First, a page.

Pedal-Plantar Loop Technique for a Challenging Below-the-Knee Chronic Total Occlusion: A Novel Approach to Percutaneous Revascul

Massimiliano Fusaro, MD, Luca Dalla Paola, MD, Giuseppe Biondi-Zoccai, MD
Massimiliano Fusaro, MD, Luca Dalla Paola, MD, Giuseppe Biondi-Zoccai, MD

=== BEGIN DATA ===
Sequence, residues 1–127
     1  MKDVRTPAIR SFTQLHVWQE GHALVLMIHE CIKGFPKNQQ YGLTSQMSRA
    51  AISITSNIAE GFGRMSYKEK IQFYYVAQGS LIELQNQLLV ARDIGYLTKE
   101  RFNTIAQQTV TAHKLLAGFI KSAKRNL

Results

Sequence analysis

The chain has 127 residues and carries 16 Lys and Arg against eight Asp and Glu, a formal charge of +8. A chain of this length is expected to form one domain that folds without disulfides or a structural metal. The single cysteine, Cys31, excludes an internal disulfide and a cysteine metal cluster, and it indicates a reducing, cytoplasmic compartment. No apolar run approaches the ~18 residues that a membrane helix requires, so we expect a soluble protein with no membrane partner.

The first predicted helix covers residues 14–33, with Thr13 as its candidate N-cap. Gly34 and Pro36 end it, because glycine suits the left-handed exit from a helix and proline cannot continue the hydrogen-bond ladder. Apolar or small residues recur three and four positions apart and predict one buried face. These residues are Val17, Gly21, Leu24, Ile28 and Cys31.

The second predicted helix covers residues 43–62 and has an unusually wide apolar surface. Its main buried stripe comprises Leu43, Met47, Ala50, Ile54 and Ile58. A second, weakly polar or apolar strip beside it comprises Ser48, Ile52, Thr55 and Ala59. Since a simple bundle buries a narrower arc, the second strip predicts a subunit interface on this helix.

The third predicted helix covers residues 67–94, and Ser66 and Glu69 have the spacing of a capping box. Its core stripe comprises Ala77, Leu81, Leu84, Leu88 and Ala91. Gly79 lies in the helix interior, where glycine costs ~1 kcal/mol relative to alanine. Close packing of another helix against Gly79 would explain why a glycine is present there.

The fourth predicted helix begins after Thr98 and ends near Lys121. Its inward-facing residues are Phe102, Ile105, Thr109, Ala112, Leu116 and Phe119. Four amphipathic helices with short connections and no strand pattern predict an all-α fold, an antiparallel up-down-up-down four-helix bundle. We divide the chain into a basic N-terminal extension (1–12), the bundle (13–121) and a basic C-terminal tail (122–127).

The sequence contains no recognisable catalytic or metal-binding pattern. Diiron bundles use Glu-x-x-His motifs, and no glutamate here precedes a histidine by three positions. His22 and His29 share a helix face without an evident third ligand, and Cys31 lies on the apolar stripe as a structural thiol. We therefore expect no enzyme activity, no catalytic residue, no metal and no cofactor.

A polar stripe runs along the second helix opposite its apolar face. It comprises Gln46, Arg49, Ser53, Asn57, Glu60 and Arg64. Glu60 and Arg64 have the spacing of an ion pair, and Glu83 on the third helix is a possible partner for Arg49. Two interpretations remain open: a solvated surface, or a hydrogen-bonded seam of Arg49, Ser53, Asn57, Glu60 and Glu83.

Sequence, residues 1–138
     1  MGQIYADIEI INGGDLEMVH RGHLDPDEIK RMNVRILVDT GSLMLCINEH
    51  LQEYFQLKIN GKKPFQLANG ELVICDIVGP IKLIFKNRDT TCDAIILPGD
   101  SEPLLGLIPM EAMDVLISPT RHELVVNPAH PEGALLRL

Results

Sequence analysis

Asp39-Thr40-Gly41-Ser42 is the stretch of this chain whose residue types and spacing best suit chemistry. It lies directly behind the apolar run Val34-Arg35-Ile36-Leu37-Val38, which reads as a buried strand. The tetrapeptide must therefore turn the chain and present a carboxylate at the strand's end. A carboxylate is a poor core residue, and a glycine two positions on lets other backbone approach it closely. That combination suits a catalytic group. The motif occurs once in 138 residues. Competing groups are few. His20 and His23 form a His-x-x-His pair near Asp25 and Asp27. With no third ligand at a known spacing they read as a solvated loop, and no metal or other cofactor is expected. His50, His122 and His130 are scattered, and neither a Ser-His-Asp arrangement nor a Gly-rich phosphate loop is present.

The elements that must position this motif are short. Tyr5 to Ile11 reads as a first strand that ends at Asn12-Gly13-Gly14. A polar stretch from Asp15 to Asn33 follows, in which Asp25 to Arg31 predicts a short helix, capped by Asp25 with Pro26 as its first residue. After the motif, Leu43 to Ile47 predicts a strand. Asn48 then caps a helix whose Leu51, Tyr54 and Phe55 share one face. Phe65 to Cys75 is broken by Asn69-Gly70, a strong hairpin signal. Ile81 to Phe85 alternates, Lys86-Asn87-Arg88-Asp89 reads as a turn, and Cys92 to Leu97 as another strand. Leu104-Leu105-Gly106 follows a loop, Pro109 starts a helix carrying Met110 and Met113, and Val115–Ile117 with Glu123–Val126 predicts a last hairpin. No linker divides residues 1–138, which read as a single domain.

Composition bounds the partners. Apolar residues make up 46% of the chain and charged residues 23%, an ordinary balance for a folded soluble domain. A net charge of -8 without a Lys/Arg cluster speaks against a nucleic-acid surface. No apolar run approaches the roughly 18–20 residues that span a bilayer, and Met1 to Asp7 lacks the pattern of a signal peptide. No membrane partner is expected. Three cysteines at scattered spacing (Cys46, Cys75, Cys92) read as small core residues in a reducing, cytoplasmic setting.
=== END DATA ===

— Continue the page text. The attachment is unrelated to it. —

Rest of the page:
Arterial revascularization by means of percutaneous transluminal angioplasty (PTA) is being increasingly used for the treatment of patients with severely symptomatic peripheral artery disease (i.e., those with critical limb ischemia). This phenomenon has been largely dependent on technical and technological advancements, such as the introduction of low-profile and dedicated devices, as well as the development of subintimal angioplasty.1,2 While PTA for critical limb ischemia has recently shown clinical results equivalent to those of the established standard of care, i.e., bypass surgery, percutaneous recanalization of below-the-knee occlusions can still be unsuccessful in up to 20% of patients, even in high-volume and expertise centers.3 There is thus an acute need for technical refinements for percutaneous revascularization of below-the-knee atherosclerotic disease. We hereby report a novel approach to recanalize challenging infragenicular total occlusions (i.e., those without a visible proximal occlusion stump) which we have defined as the “pedal-plantar loop technique”. Case Report. A 70-year-old diabetic female, symptomatic for a ischemic rest pain in the left foot for the past several months, was referred to our center for peripheral arteriography and potential percutaneous revascularization. Antegrade common femoral artery puncture was performed using a 19 gauge needle (Cordis Corp., Miami, Florida), and a slow-flow injection (6 ml at 3 ml/second, 300 psi) was performed through the needle to confirm the good position in the common femoral artery and to allow wiring of the superficial femoral artery. A 6 Fr 10 cm sheath was then inserted (Terumo Medical Corp., Somerset, New Jersey), 7,500 IU of unfractionated heparin were administered intra-arterially, and diagnostic angiography was performed using the side arm of the introducer sheath. Left lower limb arteriography disclosed long and total occlusions of the anterior tibial, dorsalis pedis and posterior tibial arteries, with critical stenoses of the peroneal artery (Figure 1). We initially attempted percutaneous revascularization of the anterior tibial artery occlusion, given the lack of a visible proximal occlusion stump in the posterior tibial artery, and for this task, chose a 0.014 inch hydrophilic wire (Pilot 200, Guidant Corp., Indianapolis, Indiana) and a 3.0 mm over-the-wire balloon (Amphirion, Invatec, Brescia, Italy). We easily crossed and dilated the entire anterior tibial occlusion, but were unsuccessful in crossing the chronic occlusion of the dorsalis pedis artery. During several wiring attempts, we nonetheless were able to engage a perforator branch which led us to the plantar branch and distal posterior tibial artery by means of a pedal-plantar loop (Figure 2). Using a lower-profile over-the-wire balloon (2.0 mm Amphirion, Invatec), we then retrogradely recanalized the entire posterior tibial artery employing a subintimal angioplasty technique. Indeed, exchanging for a 0.014 inch guidewire (300 cm Choice PT Graphix, Boston Scientific Corp., Natick, Massachusetts) enabled us to reach the tibio-peroneal trunk. Since the shaft of the balloon (the longest available in our laboratory) measured only 120 cm in length, it was unable to be advanced retrogradely beyond the mid tract of the posterior tibial artery. While leaving the “loop” wire in place as a marker in the posterior tibial artery, we then antegradely approached the posterior tibial artery occlusion using an additional 0.014 inch wire (Pilot 200) and the 3.0 mm over-the-wire balloon. We were thus able to reach the true plantar branch, and completed PTA of the posterior tibial artery with prolonged (3 minutes) and high-pressure (14 atm) balloon inflations. Figure 3 shows the final satisfactory angiographic result in both anterior and posterior tibial arteries in the absence of significant residual stenoses or flow-limiting dissections. Femoral hemostasis was achieved with manual compression, and the patient was sent to the recovery ward. The patient’s subsequent hospital stay was uneventful, with persistence of both pedal and posterior tibial pulses and disappearance of her rest pain. She was discharged on lifelong 100 mg aspirin daily and a 1-month course of ticlopidine 250 mg twice daily. Discussion. While percutaneous recanalization appears equivalent to bypass surgery in the management of patients with critical lower limb ischemia, standard percutaneous approaches and techniques are still inadequate, as procedural failure can occur in up to one-fifth of the cases, even in experienced hands.3 In addition to the traditional contralateral approach, ipsilateral antegrade (i.e., femoral) and retrograde (e.g., pedal or posterior tibial)4 accesses have been shown to be beneficial in increasing success rates, especially in the most challenging chronic occlusions. Nonetheless, even these strategies may fail or prove infeasible (e.g., when the distal vessels are also diseased). In the present article, we provide details on a new approach to recanalize challenging below-the-knee chronic total occlusions, the pedal-plantar loop technique. This is based on the creation of a loop with the guidewire from the anterior tibial to the posterior tibial arteries by means of guidewire tracking through the foot collaterals (thus the name “pedal-plantar loop”). We believe that this technique may be of particular value whenever a proximal occlusion stump is unavailable, when a dissection flap or a perforation in the proximal tract of the target vessel impairs guidewire advancement, as well as when distal disease makes retrograde percutaneous puncture impossible. In our experience, recanalization by means of a pedal-plantar loop (or, similarly, plantar-pedal loop when the anterior tibial artery is recanalized retrogradely) has the advantage of employing minimally invasive retrograde recanalization. The approach is indeed minimally invasive, as no other percutaneous accesses are employed (at odds with the retrograde pedal or posterior tibial approaches), and the use of retrograde guidewire tracking minimizes the risk of ending up in a collateral branch while tackling the total occlusion. On the other hand, both the mechanical properties of guidewire and balloon are stressed to their most extreme limits, as very challenging angles and tortuosities in the foot must be conquered to complete retrograde below-the-knee recanalization using the plantar-pedal loop technique. Thus the need for very low-profile balloons (e.g., the Amphirion over-the-wire balloon) and exchange-length guidewires. While this approach is novel and to date no other similar reports are available in the literature, some similarities to a recent technique described in coronary interventions can be found. Indeed, Rosenmann et al reported in 2006 on 3 cases in which challenging chronic coronary occlusions were successfully crossed by using a retrograde approach from collaterals or from bypassed vessels.5 These authors also provide important insights on why a wire should more easily cross an occlusion from a retrograde approach, which includes the fact that the wire may enter the lesion from a preexisting channel with a more crossable stump at its end, and the potential differences in occlusion composition (such as less fibrotic or calcified tissue in the distal part of the occlusion than in the proximal part).5 In conclusion, the pedal-plantar loop technique for percutaneous recanalization of below-the-knee arterial disease appears to be a promising new tool in the interventionist’s armamentarium, either on a bailout basis (i.e., in cases when antegrade revascularization fails), or electively (such as in the present clinical vignette, when traditional approaches are deemed infeasible).